The moment Ashton Bell told his congregation that he wanted to preach, he might as well have scored a touchdown in one of his Roosevelt High School football games.
At the time, Bell was a 15-year-old drummer, singer and organ player at King of Kings Baptist Church in Des Moines. But he didn’t know he was ready to preach from the pulpit until something inside told him one Sunday to stand up and say that he’d been called to ministry. His spontaneous declaration resulted in a thrilling reaction from the pews.
“The whole church goes crazy!” says Bell, now 18, remembering that day. ” ‘Yeah! Yeah!’ ”
Bell’s spirited and supported entry into ministry at one of Des Moines’ black Baptist churches was not singular. He is one of five young ministers, ages 18 to 27, who have been welcomed into church leadership by an older generation of pastors and congregants hoping to keep young people engaged in the religion.
All five of these young ministers are friends — two of them cousins — who support one another as they approach a common endeavor with individual strengths. They are working to keep other young people interested in the church via pop culture and social media, addressing modern issues, being a peer and applying the Bible to today’s challenges for 20-somethings.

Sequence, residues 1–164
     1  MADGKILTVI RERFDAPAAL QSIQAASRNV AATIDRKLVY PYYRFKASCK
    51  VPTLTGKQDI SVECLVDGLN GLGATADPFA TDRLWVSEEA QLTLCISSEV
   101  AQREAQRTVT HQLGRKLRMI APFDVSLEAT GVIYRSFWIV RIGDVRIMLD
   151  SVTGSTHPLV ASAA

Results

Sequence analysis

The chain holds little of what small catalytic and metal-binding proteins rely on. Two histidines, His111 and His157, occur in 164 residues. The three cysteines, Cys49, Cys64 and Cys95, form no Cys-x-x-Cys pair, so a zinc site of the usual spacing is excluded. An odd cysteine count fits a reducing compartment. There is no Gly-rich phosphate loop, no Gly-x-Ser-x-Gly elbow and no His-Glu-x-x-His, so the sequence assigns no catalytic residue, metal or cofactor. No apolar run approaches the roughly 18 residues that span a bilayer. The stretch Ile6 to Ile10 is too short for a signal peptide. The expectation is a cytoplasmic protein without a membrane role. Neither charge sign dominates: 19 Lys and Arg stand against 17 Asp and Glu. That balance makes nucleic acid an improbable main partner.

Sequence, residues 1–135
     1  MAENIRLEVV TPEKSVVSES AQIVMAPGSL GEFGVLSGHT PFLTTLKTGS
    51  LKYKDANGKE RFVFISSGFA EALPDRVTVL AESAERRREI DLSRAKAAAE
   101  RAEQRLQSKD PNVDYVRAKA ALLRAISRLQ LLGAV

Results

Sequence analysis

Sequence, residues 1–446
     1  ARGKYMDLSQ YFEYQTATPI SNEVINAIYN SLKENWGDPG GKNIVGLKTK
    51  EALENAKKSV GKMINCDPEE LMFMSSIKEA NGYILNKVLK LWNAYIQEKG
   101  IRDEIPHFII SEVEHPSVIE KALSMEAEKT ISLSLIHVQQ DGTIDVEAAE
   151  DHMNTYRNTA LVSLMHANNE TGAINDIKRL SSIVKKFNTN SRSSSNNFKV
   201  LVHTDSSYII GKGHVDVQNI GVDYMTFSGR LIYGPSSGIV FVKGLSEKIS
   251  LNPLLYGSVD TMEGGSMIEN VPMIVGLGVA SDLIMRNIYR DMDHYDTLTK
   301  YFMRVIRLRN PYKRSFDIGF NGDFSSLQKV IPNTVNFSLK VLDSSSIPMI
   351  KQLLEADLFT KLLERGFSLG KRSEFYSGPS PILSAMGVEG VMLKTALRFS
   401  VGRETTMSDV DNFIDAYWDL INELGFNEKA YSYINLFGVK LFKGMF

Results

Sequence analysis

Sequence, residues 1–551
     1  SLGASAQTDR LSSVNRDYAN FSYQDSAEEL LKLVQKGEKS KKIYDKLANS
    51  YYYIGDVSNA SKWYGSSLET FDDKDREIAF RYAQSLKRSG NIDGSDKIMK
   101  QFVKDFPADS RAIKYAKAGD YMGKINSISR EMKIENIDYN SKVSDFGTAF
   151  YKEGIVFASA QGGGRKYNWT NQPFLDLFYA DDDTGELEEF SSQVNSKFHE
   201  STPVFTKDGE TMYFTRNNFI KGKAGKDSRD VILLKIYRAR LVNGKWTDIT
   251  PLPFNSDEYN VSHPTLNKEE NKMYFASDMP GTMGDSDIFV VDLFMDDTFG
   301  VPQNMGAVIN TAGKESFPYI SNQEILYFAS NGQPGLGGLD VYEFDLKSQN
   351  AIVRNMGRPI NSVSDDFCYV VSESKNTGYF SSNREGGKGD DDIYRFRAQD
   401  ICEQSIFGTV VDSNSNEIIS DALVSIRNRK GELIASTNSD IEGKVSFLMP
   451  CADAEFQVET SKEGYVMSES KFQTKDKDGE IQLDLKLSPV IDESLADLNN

Their involvement comes at a time when shrinking participation by youth has caused alarm among many religious denominations. Millennials are less likely to be affiliated with a religion than their parents’ and grandparents’ generations were when they were young, a 2010 survey from the Pew Research Center’s Religion & Public Life Project found.
While young members of historically black churches are more involved in religion than the general population, their affiliation still pales in comparison with that of their older counterparts. One in five African-Americans under age 30 is unaffiliated, compared with one in eight African-Americans of all ages and one in 14 African-Americans over age 50, according to Pew.
The effort to retain young members in Des Moines’ black Baptist churches is part of a greater movement to keep the church relevant and long-lasting.
“We have a deep concern and make a concerted effort towards attracting and retaining those that have grown up within our convention,” said the Rev. Morris Tipton, spokesman for the National Baptist Convention, USA. Morris’ organization, the unifying body of national Baptist churches, boasts a membership of approximately 7 million individuals, including Des Moines’ young ministers.
Part of the effort to retain young people involves recognizing them as potential leaders, Tipton said.
In the past, he said, leadership in black Baptist churches was reserved for older pastors.
Source: Des Moines Register | Sharyn Jackson, firstname.lastname@example.org